The Winstons’ latest album, Smith, sounds like it could have fallen out of the blooming garden of 60s British psychedelia. Despite the retro aestheticism, however, there’s a distinctly new feeling to the music. The Winstons’ live performances and writing are centred around improvisation, and it’s this – and their refusal to be assigned into a single category – that keeps them exciting. Both the band and the album take their name from 1984’s protagonist, but far from indicating a concept album approach, the Orwellian nomenclature represents a rejection of rigid musical structures.
With its eclectic mix of jazz, psychedelia and Soft Machine-esque proto-prog, Smith isn’t really focused on guitar. Instead, the keyboards drive the riffs. Unlike bands that harken back to the late-60s explosion of hard rock and even early metal, there’s little to no distorted electric guitar on this album. Rather, perhaps refreshingly, the guitar on this album exists more as a textural element, as it did in the Canterbury scene that so inspired the band.
The sense that they exist in a different world entirely to the rest of the music scene is exacerbated by their arrestingly strange music videos, and the fact they all go by Winston Smith-inspired pseudonyms.
Despite their attempts at a more left-field approach to guitar on this album, their equipment of choice stays in line with their vintage influences. Roberto Dell’era – better known by his stage name Rob Winston – has a penchant for old-school guitars, particularly his 12-string Italian-made REX, which he refers to as being made during the golden age of Italian guitar making. His REX is accompanied by a 1968 Gibson EB2 which was bought in New York over a decade ago while on a North American sojourn with the band Afterhours. His amplifiers come in the form of a 1970s Selmer, used for the guitar parts that were recorded at Mike Oldfield’s studio, and an Italian-made FBT amplifier, also made in the 70s.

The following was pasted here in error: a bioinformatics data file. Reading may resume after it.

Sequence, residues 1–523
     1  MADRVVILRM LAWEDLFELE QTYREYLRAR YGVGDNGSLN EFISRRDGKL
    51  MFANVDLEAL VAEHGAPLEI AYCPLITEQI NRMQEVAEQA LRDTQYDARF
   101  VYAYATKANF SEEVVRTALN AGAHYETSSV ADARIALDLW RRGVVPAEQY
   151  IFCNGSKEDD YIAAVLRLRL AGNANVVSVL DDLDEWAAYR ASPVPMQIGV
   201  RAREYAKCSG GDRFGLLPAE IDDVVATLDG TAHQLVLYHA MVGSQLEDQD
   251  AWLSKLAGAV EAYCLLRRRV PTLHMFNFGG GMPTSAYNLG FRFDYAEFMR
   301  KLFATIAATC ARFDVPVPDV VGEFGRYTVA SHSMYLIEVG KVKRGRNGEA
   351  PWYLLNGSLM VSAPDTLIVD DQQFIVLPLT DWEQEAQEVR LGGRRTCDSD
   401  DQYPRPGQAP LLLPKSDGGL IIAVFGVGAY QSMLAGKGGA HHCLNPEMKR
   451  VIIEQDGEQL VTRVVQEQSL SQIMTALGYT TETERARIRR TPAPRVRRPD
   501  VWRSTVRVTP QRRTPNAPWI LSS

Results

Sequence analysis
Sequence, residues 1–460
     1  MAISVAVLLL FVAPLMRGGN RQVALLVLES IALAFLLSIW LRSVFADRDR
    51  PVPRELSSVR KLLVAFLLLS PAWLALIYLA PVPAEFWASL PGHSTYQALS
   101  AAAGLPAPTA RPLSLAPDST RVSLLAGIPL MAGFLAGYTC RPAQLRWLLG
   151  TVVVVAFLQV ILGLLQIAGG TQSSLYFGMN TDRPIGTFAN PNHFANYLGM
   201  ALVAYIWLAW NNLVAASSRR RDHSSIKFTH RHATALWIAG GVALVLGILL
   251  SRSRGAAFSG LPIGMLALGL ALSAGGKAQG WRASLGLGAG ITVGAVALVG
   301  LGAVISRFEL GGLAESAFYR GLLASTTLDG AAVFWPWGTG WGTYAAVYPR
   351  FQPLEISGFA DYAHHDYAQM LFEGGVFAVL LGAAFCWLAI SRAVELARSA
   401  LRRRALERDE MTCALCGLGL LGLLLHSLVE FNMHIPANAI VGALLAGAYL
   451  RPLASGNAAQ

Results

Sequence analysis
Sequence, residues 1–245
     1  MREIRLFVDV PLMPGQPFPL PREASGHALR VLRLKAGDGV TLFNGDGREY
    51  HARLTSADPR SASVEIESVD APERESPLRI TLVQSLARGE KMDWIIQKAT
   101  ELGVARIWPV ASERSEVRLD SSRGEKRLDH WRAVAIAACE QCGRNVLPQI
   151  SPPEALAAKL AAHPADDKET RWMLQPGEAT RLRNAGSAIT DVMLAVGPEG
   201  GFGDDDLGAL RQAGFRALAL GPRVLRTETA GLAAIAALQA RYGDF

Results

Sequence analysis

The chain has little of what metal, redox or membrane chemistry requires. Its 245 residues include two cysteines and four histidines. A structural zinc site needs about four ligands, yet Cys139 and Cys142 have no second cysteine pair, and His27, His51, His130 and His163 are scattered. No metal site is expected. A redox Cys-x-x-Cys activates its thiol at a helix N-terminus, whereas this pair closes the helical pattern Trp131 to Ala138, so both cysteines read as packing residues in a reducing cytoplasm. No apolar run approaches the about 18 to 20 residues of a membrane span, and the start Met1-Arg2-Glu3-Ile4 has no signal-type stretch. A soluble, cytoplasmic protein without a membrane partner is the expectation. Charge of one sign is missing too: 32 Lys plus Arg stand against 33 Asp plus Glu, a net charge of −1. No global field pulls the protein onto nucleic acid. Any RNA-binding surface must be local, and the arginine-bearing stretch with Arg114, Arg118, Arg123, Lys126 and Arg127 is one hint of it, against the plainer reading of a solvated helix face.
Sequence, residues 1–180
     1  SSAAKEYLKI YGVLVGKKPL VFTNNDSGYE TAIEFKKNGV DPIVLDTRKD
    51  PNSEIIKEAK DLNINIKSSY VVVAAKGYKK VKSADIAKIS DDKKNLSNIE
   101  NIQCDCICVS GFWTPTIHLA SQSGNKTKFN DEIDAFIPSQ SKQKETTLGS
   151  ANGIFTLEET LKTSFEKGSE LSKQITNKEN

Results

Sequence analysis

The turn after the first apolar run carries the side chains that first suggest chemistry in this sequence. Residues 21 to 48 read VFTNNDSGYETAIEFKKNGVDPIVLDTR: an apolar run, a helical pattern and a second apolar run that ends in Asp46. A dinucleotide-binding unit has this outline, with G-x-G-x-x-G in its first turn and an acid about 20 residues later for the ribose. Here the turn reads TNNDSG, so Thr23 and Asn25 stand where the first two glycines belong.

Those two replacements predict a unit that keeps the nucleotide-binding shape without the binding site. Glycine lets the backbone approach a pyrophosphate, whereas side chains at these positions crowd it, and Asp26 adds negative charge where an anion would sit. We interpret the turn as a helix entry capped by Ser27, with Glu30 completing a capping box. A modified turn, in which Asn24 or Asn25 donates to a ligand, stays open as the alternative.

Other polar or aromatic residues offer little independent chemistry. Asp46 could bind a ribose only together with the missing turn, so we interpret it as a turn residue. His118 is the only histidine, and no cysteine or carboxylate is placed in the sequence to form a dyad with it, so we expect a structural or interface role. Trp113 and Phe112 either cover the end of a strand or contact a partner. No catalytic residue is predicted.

Speaking to Guitar.com, Lino, Rob, and Enrico (Linnon Winston, Rob Winston and Enro Winston respectively) told us about how they approach creating their strange psychedelic world and why they enjoy playing in The Winstons so much.
What sort of tone did you seek to evoke with Smith?